opposition in Kinland :
Hudson River Day Line Spec"! Pough
• »?rsie Service, one hour later than' thru
,oi* return can bo made on same steani-
S * Music and Perfect Servicc-AdvL
NEW- YORK, TUESDAY JUNE 28, 1910.-FOI HTEEX PAGES.
KIDNAPPERS TARE BOY
AWAY IN AUTOMOBILE
Several Men and Woman Capt
ure Son of Rich Brooklynite
Near Albany.
FATHER RUSHES AFTER LAD
Second Husband of Youngster's
Mother Expresses Belief
That Child Is in Her
Keeping.
Michael L. McLaughlin, jr.. the eight
year-old son of Michael L. McLaughlin,
a wealthy real estate dealer, who lives
at No. ITS Remsen street, Brooklyn, was
kidnapped by several men and a woman
yesterday as he was playing on the
lawn of his father's new home, near Al
bany, and guarded by a nurse. The kid
napping was done in broad daylight and
in sight of the nurse, who was power
less to prevent It.
While the boy was at play a large
touring car drove up the road in front
of the McLaughlin home, which is on
Kenwood Hill, a short distance south of
Albany. Two men jumped from the car,
ran up the lawn and, after grabbing the
boy, ran back to the car. The lad was
placed in the arms of a woman seated
in the automobile and then the party
drove away.
Some time after the kidnapping the
Albany police were informed. Detectives
arrested a man, who said that he was
John R. Hatherly. He was identified by
the nurse as one of the men in the auto,
the Albany police say.
Hatherly told the police that he *as
employed at the State Department of
Agriculture, and suggested that the case
was one for the civil courts. He was set
free. It was later found by the police
that no John R. Hatherly was employed
by the state.
Mr. McLaughlin heard of the kidnap
ping yesterday when he returned to his
Brooklyn home from a trip to Albany.
He left Brooklyn late yesterday after
noon for New Jersey, after receiving in
formation from an unknown source that
he might find his boy in a seminary at
Pennington. N. J.
After a fruitless search for his son in
Pennington Air. Mclaughlin returned
to New York late last night and went
to the Cosmopolitan Hotel, at Wist
Broadway and Chambers street. He
said that he had been in telephonic com
munication with his gardener at Albany
and had learned from him that he
grabbed one of the men in the automo
bile as it was starting away. The man
was turned over to the police, but not
held. Mr. McLaughlin does not know
whether the man captured by the gar
dener was the man who grave his n;imr
as Hatherly or not.
Says Mother Has Boy.
The kidnapped boy is the son of Mr.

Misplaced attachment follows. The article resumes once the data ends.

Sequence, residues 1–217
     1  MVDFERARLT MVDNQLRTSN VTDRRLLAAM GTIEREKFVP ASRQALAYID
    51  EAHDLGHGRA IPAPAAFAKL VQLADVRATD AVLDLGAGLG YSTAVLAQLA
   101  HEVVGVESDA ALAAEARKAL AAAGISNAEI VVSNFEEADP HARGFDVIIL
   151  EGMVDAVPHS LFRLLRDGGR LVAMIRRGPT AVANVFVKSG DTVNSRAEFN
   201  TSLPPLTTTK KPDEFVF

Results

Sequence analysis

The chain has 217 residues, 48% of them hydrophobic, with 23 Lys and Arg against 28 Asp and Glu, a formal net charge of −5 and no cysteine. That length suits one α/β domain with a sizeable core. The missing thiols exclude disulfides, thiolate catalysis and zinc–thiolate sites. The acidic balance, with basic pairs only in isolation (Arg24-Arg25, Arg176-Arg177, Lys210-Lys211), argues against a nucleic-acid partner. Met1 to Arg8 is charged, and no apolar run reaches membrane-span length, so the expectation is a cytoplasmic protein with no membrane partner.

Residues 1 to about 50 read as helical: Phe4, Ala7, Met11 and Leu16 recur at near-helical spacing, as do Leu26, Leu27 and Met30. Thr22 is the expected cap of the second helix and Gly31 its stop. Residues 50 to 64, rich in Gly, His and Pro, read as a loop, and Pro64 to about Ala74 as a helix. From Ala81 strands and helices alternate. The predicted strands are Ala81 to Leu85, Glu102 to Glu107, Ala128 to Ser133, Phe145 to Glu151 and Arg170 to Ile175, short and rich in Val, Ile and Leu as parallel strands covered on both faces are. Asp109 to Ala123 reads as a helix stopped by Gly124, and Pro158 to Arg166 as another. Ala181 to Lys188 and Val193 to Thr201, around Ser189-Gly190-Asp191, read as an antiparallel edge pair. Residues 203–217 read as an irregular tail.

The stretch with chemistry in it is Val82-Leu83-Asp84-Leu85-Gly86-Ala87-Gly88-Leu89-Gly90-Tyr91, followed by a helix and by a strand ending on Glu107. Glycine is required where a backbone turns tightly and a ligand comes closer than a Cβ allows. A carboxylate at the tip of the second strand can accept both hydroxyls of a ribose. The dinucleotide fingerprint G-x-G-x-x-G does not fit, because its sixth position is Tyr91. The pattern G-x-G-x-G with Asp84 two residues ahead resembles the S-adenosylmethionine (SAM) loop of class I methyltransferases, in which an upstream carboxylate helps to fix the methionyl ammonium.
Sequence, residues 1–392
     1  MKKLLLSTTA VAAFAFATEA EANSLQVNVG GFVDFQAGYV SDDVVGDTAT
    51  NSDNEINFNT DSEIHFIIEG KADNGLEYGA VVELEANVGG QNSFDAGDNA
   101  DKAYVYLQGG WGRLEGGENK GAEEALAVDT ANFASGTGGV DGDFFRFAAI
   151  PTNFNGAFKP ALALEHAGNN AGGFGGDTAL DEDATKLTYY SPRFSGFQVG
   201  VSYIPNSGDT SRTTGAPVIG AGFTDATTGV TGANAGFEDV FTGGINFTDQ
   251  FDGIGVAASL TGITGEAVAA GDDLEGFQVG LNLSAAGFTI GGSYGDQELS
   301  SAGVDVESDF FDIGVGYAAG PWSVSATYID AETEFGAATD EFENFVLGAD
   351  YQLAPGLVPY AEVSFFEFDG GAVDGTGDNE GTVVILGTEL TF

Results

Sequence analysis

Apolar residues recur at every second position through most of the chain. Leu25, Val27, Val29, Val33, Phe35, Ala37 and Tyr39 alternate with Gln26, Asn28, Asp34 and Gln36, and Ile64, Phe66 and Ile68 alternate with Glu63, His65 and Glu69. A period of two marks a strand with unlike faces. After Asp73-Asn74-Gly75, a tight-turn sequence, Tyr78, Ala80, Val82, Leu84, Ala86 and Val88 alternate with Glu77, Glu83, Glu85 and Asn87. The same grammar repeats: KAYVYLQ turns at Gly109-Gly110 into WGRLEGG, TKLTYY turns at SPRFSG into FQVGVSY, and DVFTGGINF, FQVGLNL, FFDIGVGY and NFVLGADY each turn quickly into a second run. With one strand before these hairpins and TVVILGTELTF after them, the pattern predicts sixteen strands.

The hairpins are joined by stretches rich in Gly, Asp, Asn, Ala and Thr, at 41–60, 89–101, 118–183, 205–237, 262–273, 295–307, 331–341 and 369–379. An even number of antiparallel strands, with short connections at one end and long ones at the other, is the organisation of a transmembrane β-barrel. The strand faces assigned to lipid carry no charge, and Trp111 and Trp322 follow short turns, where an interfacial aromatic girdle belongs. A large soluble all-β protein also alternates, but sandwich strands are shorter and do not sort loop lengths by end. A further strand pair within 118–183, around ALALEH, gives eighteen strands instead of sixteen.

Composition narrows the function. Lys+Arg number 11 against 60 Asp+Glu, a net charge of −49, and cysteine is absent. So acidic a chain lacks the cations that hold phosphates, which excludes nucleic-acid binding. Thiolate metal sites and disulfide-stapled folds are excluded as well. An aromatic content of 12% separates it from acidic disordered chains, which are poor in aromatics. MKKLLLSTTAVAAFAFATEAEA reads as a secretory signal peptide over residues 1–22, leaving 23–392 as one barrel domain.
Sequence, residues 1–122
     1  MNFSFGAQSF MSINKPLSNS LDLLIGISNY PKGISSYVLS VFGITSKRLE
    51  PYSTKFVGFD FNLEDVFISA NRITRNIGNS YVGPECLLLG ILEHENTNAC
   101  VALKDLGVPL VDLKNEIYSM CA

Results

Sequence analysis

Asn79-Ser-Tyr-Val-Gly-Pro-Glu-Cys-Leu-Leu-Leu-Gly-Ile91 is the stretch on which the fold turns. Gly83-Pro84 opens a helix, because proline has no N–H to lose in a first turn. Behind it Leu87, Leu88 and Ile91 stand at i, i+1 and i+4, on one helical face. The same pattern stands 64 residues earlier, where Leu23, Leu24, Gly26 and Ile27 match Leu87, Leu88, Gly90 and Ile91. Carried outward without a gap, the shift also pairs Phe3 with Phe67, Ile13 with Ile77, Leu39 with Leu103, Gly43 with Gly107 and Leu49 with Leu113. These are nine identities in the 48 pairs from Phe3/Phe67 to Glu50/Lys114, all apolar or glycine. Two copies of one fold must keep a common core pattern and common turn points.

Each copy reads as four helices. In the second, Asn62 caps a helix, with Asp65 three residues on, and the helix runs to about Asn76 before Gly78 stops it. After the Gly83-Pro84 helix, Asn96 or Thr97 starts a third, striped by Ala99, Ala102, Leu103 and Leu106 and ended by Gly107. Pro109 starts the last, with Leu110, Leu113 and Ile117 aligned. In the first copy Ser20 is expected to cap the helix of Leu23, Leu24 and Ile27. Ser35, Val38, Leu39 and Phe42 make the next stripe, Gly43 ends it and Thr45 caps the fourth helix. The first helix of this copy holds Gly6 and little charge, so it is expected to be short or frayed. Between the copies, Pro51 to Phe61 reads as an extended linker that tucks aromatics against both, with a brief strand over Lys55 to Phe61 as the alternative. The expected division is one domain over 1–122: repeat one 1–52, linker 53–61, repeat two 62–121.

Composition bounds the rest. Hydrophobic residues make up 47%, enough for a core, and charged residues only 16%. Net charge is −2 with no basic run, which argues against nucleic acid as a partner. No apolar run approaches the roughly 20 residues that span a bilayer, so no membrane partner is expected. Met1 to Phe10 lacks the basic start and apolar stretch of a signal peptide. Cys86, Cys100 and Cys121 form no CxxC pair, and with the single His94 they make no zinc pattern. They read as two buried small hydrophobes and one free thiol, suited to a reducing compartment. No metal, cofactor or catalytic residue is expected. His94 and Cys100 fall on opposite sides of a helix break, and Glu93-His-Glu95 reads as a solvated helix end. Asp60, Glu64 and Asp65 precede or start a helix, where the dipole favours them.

McLaughlin by Mrs. Cecelia McLaugh
lin, who secured a divorce from him in
February. 1907. The first Mrs. Mc-
Laughlin is now the wife of Dr. Henry
P. Holt, of No. 24£{ Church avenue,
who has given up the practice of medi
cine to engage in the real estate busi
ness.
Dr. Holt said at his home last night
that his wife had not been home since
Sunday, and that he had no idea where
she was. H<* said that he believed that
his wife kidnapped the boy. and said that
he thought she would take the lad to
the Pennington Seminary.
Dr. Holt said that his wife had the
right to the custody of the child by a
decision handed down by Justice Jay
cox, at Patchogue, Long Island, when
the divorce was granted.
"The McLaughlins stole the boy from
u« about a year ago," said Dr. Holt,
"and my wife has m«t been allowed to
spp him. I deny the statement that she
has had detectives watching the Mc-
Laughlin home in Albany. Some time
ago. however, she had a detective watch
ing them, as her mother love naturally
made her anxious to regain possession
of the child. I don't believe that she
will bring the boy to our home. I be
lieve that she will take him to Penning
ton. where the McLaughlins will not find
it so easy to steal him.
Says Wife Was Slapped.
Dr. Holt tcld of a visit which Mr. and
Mrs. McLaughlin and a man. whom he
believes to have been a detective, made
to his home In Linden avenue. Flatbush,
about a year ago. The party had words
with him and his wife, he says, and
M< Laughlin later attacked him In the
street.
He also said that about a year ago
the McLaughlins Invited him and Mrs.
Holt to call on them at the Hotel St.
George, in Brooklyn, that a suitable ar
rangement about the boy might he made.
He said that when he and his wife, with
a detective, reached the McLaughlin
apartments, Mrs. Holt was struck in the
face by Mrs. McLaughlin.
"McLaughlin i 9 enraged at my wife,"
said Dr. Holt, "because she refused to
pay a judgment of $2,500 against him, the
proposition being that she would get the
boy If she paid."
Mrs. McLaughlin, who was Leonora
Jackson, the talented young Boston vio
linist, who was sent to Europe by Mrs.
Grover Cleveland, George Vanderbilt and
General Horace Porter, in 19<>5. said at
her home last night that Mrs. Holt has
no right to the child. She said that by
agreement the boy was to go to Mrs.
Holt's mother and sifter in case of a sec
ond marriage.
Mrs. McLaughlin denied that she or
her husband had ever stolen the boy.
In reference to the affair at the St.
George she said that at the time of their
visit there the Holts willingly surrend
ered the boy to his father.
Mrs. McLaughlin and her husband said
that when they received word of the
kidnapping they were told that when
the two men seized him the boy strug
gled with all his strength, and was only
subdued when blankets were put over
his head The boy is the only child
that the McLaughlins had. Mr. Holt